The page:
29 October 2010

Piet Hein Eek complete collection

Below are my picks from Piet Hein Eek's new (permanent) showroom that was open to the public for the first time during this year's Dutch Design Week:

The entry hall

The design factory (the work space)

Piet Hein Eek's new chairs

Benjamino and Laura's (restaurant), lamps and furniture are by Piet Hein Eek

Cups by Studio Job

Boaties by Floris Hovers

Tom Dixon (permanent)

Melissa Peen, 'New Nature' (a book of nature patterns)

28 October 2010

Walking furniture

Just watch that table take a stroll along the beach! I used to have a table that could not be moved by one person alone. I really hated it from the blackness of my heart. You see, I belong to that type of folks who (completely) rearrange their hotel room furniture upon arrival.
There's no such 'type', you say?
Well, I'll be damned! That's exactly what my boyfriend claims, too.
If there's any of you who also do that, I'd love to hear from you.
Obviously, this table is the 'walking table' by Wouter Scheublin. I posted about him and Lotty Lindeman a few days ago. The robotics really reminds me of Theo Janssen's 'strandbeesten'.
Lovely, this, and helpful. I'm moving office today. And wouldn't it be just GRAND, if the obstinate furniture and boxes would simply FOLLOW me...

Sofa to go

Four suitcases, put together, form a homey sofa for all those long moments we spend in drab hotel rooms, airport lobbies or train stations. This is a design by Nieuwe Heren aka 'New Gents'.
'Nieuwe Heren' was set up in 2009 by the two gents sitting on the suitcase sofa in the photo above: Erik de Nijs and Tim Smit.
Erik and Tim are both in their early 20s: Erik is 24 and Tim is 21 years old. Their designs show how much their youth is an advantage: just check those wireless pants in the photos below!

27 October 2010

Wouter and Lotty

Wouter Scheublin and Lotty Lindeman are showing their intriguing and playful designs at their new studio, which is a part of Piet Hein Eek's new exhibition space in the old ceramic factory in Eindhoven. It is obvious from my photos what caught my eye:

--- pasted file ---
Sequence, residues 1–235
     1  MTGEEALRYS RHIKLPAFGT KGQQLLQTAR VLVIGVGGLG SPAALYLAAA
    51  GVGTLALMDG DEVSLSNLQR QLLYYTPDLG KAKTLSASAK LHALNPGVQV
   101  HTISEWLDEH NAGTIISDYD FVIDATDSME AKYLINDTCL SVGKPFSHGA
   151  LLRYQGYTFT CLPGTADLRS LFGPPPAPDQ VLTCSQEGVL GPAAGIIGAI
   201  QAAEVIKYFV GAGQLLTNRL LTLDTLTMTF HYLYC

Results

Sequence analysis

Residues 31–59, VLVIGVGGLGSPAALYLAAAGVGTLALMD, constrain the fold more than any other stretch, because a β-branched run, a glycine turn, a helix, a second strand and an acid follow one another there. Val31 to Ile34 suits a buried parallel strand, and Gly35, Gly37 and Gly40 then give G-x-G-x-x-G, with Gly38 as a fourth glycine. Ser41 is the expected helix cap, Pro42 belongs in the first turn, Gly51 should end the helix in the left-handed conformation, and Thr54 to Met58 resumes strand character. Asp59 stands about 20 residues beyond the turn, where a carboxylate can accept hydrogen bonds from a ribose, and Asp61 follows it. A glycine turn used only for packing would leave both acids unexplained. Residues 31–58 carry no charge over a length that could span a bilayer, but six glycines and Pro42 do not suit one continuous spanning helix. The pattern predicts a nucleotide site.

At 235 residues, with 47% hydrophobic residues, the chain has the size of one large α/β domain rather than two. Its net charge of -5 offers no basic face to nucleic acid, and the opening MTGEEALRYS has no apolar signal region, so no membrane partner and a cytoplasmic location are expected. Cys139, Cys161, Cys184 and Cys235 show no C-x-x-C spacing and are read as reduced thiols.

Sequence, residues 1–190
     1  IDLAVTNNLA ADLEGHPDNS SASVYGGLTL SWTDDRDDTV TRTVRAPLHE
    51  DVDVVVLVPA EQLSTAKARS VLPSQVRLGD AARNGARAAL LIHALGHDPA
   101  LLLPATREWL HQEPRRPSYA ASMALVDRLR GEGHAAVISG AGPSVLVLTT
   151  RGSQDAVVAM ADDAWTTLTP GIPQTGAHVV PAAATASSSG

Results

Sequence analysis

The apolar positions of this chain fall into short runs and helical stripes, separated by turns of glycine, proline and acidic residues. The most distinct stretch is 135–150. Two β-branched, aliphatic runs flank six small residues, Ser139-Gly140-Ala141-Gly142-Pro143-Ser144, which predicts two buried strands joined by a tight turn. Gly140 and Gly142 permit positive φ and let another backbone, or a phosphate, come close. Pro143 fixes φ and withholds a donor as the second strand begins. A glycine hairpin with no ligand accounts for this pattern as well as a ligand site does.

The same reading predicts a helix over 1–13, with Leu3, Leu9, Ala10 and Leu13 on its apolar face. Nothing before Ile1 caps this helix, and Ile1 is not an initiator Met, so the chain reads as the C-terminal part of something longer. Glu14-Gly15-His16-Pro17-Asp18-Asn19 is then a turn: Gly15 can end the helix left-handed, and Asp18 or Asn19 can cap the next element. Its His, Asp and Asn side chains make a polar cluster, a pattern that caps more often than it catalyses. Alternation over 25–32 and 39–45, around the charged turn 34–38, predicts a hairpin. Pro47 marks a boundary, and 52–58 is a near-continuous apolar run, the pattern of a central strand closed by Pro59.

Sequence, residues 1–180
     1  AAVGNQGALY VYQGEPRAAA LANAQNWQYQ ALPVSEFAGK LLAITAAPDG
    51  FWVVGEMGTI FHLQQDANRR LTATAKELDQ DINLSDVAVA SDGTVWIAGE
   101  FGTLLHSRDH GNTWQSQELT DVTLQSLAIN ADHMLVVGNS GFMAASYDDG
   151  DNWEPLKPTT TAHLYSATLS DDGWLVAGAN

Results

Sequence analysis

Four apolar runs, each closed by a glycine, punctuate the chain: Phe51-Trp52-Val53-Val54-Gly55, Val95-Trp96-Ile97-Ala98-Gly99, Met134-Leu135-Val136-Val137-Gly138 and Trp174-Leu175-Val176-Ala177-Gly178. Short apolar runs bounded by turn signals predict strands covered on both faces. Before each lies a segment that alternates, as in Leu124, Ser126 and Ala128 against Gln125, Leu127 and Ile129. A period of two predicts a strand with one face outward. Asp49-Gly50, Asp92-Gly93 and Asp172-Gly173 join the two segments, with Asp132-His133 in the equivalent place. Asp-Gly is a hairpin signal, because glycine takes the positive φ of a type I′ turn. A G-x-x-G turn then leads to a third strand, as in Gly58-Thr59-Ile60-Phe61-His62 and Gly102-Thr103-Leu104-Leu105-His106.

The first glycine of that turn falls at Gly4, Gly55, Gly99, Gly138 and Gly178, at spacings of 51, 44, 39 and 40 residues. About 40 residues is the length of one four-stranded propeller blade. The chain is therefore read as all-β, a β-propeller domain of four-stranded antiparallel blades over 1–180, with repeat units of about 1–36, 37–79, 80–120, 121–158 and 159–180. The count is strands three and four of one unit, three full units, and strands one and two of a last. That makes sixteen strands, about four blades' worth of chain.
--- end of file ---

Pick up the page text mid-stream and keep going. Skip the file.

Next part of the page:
Wouter's walking table (see the video above) and
Lotty's suitcase cabinets.
The tentlamp and the football were made by Lotty, while the red chair and the chests were made by Wouter. It appears that one of those Wouter's chests can walk, too. Apparently, his book case already had a stroll through Milan.

25 October 2010

2010 Dutch Design Week

On Saturday, the 2010 Dutch Design Week (DDW) began in Eindhoven in the Netherlands. I attended the opening and plan to return before it ends. I'll dedicate this week to DDW and the weeks after that to Dutch design.
How to describe DDW? It seems chaotic and disorganised. Limited to the highlights alone, there are: the Graduation Galleries at the Design Academy Eindhoven, the galleries of the graduates of Industrial Design at the Technical University Eindhoven, the Dutch Design Awards, the newly open showroom by Piet Hein Eek, the indie designers showing at the Klokgebouw, the ‘Liberation of Light’ exhibition at the Designhuis...
So it seems easier to define DDW by what it is actually not about: it's not a furniture fair and it doesn’t strive to connect established Dutch designers with international markets.
What then sets DDW apart? Where is the heart of DDW? It still beats right where it all began in the first place: at the Graduation Galleries of the Design Academy Eindhoven. Against more than 300 events, it is the hopeful, naive, grandiose, idealistic projects made by the Bachelor and Master classes that still receive the biggest attention from the Dutch audience and media. And that despite the fact that statistically less than one of the year's graduates will hit the big time.
Do you find this interest unusual? That wouldn’t appear so to the Dutch.
The Design Academy Eindhoven is the central design institution in the Netherlands. It is perceived almost like a design brand in its own right, whether it's showing in the Netherlands or abroad. It's hardly a coincidence then that it is the very core of DDW. After all, the most prominent Dutch (and world) designers of this day and age have learned their trade here. Job Smeets (of Studio Job), Jurgen Bey, Piet Hein Eek, Richard Hutten, Wieki Somers, Hella Jongerius... And that's just to name a few of the famous pack.
And so, amidst all the glitter I've encountered in the past days, I begin my posts with the graduate projects by one Amba Molly.
The photographs featured below showcase her ‘Mitose’ series, a new family of ceramics created by product procreation. Just observe that beautiful mutant plastic bottle merged with an oil jar! Her ‘Symbiose’ series (see photographs above) is inspired by nomadic tribes who carry their homes with them (rather than carry themselves to their homes). It therefore goes a step further than 'Mitose' in making a human body a snail's shell to accomodate the furniture and other commodities we need on us if we want to call ourselves home.

22 October 2010

Still here and very still

The official video for Stillness Is The Move by the 'Dirty Projectors', a Brooklyn-based experimental rock band. The song is featured on their Bitte Orca album (2009).

21 October 2010

Back a little bit

A video of Lykke Li's indie song Little Bit. And you really need to check out her song I'm Good, I'm gone here (the official video for the same song can be found here and it is also well worth your trouble).